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Elegiac Julian Marszalek , March 22nd, 2021 08:39

A collaboration between Blurt's Ted Milton and Wire's Graham Lewis proves a bracing but welcome relief for Julian Marszalek

Like sardines and jam, oil and water, and Gordon Ramsey and game shows, some things should never be mixed together. And yet for all that, there are certain blends that are worth taking the plunge for if your sense of adventure allows for it. Like salted caramel, Elegiac are a case in point. Comprising the unique talents of post-punk art-rockers Blurt’s sax-mangling, existentialist poet Ted Milton and Wire’s low-end rumbler Graham Lewis, this delightfully eccentric pairing make for an intriguing and wholly enjoyable experience.

Granted, the fusion of poetry, unrestrained jazz skronkage and gurgling electronica suggests an evening designed for the masochist in your life, but the reality is an album that reveals different layers and hidden depths as it goes along. Opener ‘Vous Et Ice’ is a deceptive introduction, giving the impression that this is going to be a heavy ride. Saxophones blast and honk around each other as repetitive bass pulses underpin Milton’s confusing lyrical imagery and sudden dips into French. The end result is the kind of confusion that arrives at the end of a three-day bender with no sleep.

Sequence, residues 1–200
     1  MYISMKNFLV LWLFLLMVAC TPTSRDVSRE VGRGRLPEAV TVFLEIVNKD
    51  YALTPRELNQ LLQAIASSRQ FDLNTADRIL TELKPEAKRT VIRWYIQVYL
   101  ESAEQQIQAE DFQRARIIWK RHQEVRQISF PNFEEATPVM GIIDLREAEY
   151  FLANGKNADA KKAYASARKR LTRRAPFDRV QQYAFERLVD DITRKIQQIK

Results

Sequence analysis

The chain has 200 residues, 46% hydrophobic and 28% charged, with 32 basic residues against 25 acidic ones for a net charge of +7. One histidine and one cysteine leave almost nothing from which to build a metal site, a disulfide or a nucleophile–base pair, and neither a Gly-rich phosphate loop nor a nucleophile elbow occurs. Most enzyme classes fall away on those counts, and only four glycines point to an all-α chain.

But Elegiac is worth persevering with. For sure, the album’s charms are frequently unconventional and they’re as likely to induce feelings of confusion as they do pleasure. Witness the demented ‘Pelican House’ wherein plopping percussion and an overlapped chant of “Scum!” is splattered with multi-coloured blasts of squawking saxophones. If Ted Milton sounds as if he’s had a few, then you’ll soon be feeling as if you’ve had a night out with him.

Elsewhere, our two protagonists are at their most characteristic on the fantastic ‘The Daffodil Women’. Lewis’ bass growls with menace and a penetrating resonance as its loops into a spinning miasma that collides with stabbing saxophones. Intriguingly, Milton sounds like a Bowie impersonator at closing time. But make no mistake, this is gloriously hypnotic stuff, a fall into a rhythmic vortex that unscrews your head so it can pop your brain in the fridge. And, as the album progresses – most notably on the seductive ‘One Two’ – the realisation creeps in that what was originally considered abrasive has become a soothing form of chaos. An odd mix, for sure, but one that comes as sharp relief to the trying tedium of lockdown life.